Usually, when I travel around Kansai, it’s sightseeing that I’m mostly interested in. Every time I try to visit a new place and in most cases I don’t visit the same place more than once. However, there’s one place I tend to visit again and again, although I don’t see any noticeable changes about it. The place is called Den-Den Town.
I don’t go there to buy something specific, just for sightseeing. Most of the time I can’t restrain myself from buying another [useless] piece of computer hardware. My last visit resulted into a new motherboard, RAM and a hard drive. Almost an entire computer :-)

The motherboard is an Atom-based mini-ITX fan-less board made by Foxconn. A small and quiet board is one of those things I’ve been pondering about for months, reading reviews, looking at Ebay price tags and swinging between utility and passion. Usually I focused my attention on VIA’s C3/Eden/C7 boards — they are cheaper, though less productive. The purchasing decision was pretty much spontaneous — I just came across several mini-ITX motherboards. This board happened to be cheaper than the VIA-based competitor, so the decision was made.

A quick look at the specifications revealed that it requires DDR2-800 (aka PC2-6400) type memory and SATA-type hard disks. I didn’t have either, so two other purchases followed: a 2 gigabyte memory module and a 40 gigabyte disk. To make a working computer I needed to add a power supply, a display, a keyboard and a mouse.

Until now all computers that I had to (dis-)assemble were based on Pentium III, so I was a bit surprised to find out that the power supply should have 24 pins instead of 20 pins, and that a new beast, called “P4 connector”, emerged from nowhere. Luckily, the power supply unit that I found in my computer case was the right type. Add my spare keyboard, a nobody’s display I found in my lab and my stylish black-and-yellow mouse that reminds me of Lamborghini Diablo and Need for Speed 3, and the DYI computer is ready. By the way, there’s a real lot of nobody’s hardware, mostly junk produced 10 to 15 years ago, probably abandoned by folks who’d been imprisoned here before myself.

It’s time to turn it on. However, in order to see it run (or fly!) we need an operating system. First, I connected the SATA disk that I bought and an external disk (originally internal, taken from a deceased IBM Inspiron laptop, but turned into an external USB device) and switched the newly assembled computer on. “Switched” doen’t mean “pushed a button”, because the computer didn’t, and still doesn’t, have an on-off button. Instead, I had to use a piece of metal to connect the power-on pins on the board. The motherboard is fanless and thus absolutely quiet, which is why I could judge whether it’s booting only by the sound of the system beep and the old hard disk (the new one is very quiet, too).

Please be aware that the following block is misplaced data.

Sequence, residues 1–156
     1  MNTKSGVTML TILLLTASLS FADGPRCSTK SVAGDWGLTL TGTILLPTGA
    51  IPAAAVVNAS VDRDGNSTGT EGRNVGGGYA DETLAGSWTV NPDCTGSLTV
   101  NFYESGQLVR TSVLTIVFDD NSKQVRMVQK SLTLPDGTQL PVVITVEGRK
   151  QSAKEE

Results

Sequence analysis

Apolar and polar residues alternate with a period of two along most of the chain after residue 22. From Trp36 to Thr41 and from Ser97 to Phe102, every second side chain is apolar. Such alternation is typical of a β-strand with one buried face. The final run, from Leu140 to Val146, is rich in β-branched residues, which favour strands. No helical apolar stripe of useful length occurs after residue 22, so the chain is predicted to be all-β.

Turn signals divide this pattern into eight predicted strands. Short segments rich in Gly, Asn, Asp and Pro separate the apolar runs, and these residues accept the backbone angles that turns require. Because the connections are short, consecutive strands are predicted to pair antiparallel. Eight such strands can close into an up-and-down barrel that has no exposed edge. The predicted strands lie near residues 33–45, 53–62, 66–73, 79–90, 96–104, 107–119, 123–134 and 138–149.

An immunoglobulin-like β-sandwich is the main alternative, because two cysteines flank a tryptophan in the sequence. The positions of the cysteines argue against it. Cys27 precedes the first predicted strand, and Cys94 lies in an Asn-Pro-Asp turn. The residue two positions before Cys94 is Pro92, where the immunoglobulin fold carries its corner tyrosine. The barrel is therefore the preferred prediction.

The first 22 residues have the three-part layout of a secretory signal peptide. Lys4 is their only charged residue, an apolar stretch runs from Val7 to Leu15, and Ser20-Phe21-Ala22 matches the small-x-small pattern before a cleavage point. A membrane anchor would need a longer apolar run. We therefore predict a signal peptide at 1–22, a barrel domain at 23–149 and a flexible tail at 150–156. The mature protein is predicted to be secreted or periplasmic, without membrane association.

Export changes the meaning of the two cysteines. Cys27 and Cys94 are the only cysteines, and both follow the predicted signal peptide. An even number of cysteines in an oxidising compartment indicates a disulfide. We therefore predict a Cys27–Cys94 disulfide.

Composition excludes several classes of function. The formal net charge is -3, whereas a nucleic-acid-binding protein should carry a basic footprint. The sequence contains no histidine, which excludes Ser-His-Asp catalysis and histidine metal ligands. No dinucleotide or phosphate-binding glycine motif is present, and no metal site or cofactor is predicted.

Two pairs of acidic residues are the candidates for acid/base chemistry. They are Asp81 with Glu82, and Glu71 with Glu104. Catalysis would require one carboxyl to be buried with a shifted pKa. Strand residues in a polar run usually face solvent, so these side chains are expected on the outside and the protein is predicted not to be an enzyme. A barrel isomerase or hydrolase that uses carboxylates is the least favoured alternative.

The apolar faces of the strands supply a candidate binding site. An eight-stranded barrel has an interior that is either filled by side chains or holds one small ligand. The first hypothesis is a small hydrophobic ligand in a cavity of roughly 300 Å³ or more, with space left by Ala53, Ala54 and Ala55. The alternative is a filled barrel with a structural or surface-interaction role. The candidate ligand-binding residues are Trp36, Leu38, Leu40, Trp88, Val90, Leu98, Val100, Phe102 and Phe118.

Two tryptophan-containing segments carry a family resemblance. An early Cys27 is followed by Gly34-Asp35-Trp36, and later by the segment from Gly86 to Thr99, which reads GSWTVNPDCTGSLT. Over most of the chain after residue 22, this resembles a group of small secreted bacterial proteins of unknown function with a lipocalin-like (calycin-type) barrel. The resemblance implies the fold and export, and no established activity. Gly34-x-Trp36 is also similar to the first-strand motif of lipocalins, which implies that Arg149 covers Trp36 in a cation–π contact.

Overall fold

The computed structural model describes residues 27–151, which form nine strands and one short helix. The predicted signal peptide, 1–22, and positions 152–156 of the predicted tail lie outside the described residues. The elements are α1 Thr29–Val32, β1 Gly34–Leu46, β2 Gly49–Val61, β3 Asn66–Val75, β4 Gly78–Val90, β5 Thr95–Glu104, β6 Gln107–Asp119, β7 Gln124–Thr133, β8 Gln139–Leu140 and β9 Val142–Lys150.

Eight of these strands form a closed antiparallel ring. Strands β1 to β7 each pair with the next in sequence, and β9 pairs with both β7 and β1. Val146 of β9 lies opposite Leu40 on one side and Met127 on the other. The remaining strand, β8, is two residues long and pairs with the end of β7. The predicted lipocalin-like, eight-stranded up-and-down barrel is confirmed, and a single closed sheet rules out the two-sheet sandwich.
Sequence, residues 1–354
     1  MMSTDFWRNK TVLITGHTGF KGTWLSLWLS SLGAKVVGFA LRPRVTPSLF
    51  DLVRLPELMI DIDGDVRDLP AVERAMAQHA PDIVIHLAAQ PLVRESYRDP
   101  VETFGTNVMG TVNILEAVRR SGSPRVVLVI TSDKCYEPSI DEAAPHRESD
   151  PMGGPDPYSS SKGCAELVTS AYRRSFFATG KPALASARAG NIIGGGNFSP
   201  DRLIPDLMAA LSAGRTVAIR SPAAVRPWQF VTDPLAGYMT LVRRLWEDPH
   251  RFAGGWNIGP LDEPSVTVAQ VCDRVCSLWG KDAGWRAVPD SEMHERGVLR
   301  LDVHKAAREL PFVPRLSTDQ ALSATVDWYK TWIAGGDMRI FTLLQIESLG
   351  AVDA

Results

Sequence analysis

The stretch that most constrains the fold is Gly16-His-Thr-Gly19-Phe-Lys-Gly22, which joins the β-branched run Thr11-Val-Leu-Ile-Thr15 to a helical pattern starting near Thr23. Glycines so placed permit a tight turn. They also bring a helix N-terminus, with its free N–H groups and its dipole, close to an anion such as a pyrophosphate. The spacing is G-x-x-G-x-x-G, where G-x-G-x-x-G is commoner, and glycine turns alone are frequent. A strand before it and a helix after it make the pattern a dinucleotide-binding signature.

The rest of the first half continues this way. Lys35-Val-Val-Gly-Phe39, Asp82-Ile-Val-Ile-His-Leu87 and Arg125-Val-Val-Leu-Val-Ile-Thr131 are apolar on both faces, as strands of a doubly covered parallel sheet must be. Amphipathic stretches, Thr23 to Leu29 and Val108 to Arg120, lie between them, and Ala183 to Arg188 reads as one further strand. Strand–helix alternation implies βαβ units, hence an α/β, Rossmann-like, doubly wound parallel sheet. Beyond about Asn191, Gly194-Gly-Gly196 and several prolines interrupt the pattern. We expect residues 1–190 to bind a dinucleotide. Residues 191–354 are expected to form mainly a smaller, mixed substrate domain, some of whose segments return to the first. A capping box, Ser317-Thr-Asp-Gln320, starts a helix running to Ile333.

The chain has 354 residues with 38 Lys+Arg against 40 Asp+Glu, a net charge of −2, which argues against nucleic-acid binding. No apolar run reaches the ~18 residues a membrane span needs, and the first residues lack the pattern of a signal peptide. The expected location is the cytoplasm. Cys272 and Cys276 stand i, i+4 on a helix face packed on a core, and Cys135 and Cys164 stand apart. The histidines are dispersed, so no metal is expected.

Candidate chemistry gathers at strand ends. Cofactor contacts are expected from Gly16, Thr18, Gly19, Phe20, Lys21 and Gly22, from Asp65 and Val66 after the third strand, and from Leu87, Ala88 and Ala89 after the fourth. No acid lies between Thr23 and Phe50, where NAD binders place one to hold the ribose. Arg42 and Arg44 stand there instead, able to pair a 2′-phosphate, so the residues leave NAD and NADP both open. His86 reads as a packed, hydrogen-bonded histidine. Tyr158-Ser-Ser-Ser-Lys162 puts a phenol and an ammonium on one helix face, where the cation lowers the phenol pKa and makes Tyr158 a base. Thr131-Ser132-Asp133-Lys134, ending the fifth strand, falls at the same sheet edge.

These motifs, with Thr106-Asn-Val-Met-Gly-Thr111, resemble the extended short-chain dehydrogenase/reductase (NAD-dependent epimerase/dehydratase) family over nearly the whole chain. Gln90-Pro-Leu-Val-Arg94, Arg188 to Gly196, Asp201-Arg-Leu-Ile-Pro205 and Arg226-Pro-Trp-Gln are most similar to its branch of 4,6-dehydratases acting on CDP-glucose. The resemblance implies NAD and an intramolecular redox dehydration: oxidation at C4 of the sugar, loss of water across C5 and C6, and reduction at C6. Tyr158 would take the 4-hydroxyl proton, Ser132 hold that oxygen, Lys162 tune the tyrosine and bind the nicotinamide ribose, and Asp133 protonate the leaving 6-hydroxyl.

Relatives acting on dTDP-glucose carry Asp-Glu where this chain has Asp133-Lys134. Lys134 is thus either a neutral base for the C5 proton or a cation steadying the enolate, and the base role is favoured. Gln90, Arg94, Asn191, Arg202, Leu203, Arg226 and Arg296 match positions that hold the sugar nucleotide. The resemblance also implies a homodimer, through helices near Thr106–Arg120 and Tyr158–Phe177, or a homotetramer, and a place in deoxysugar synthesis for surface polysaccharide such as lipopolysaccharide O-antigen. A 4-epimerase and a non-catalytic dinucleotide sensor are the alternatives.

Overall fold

It happily beeped and started booting. I hit “Delete” to make sure that both drives were detected, to see if the memory was the promised type and size, and simple to wander a bit through the BIOS. When I tried to adjust system clock the system hung, maybe because I used the numpad, not just up and down keys. Whatever was the reason, it was the only case of unexpected behavior so far. From the second try I successfully changed the time, then changed the first booting device to USB and happily booted into my Kubuntu/Trinity 10.10.

While I was googling and figuring out how to install an OS on the SATA drive (I only had an install CD), another surprise popped up — Atom is a 64 bit, not 32 bit, processor! Well, this meant that I would have to install a 64 bit version of Kubuntu. After some hassle (QEMU refused to load a 64 bit CD image, the image got copied onto a flash drive without the bootloader and refused to boot, GRUB2 refused to boot CD ISO from the hard disk etc.) I installed an OS on the SATA disk and finally booted into the shining new 64-bit version of Kubuntu.

Well, that’s where I am now — I’m writing this post from my barebone computer in my lab. There are two issues left on my agenda. First, I need to get some sort of casing for my new beast, and second, I need to come up with an idea about how to use it. Difficult questions…

I have almost zero experience working with plastic or wood, almost zero tools for such a project, and zero, without the “almost”, experience making computer cases, but if I am to use all the advantages that this computer offers (small size, no noise, portability etc.), then I absolutely need a case for it. I already bought a IDE-to-SATA adapter for my 3.5” IDE disks (I think I have three such disks and one of them holds all my photos) and a set of front panel connectors (power and reset switches, and power and HDD leds — I’ll finally be able to switch the machine without a screwdriver). Now I am choosing between wood and acrylic glass, and thinking about the size and shape of the future case. Anyway, I have a fallback solution: I can always give up and simply put everything in the old large case, where the PSU comes from.

The second question is how to use this machine. Should I turn it into a home file server (on local hard drives and on Dropbox, Ubuntu One etc.) and let it just sit around gathering dust somewhere in a corner? Should I design it as a portable nettop-like computer and carry it with me back and forth? Can it serve as a standalone WiFi access point with a web server (e.g. hosting a MMORG for my lab colleagues :-))? Other ideas?

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Followup posts on this DIY project:

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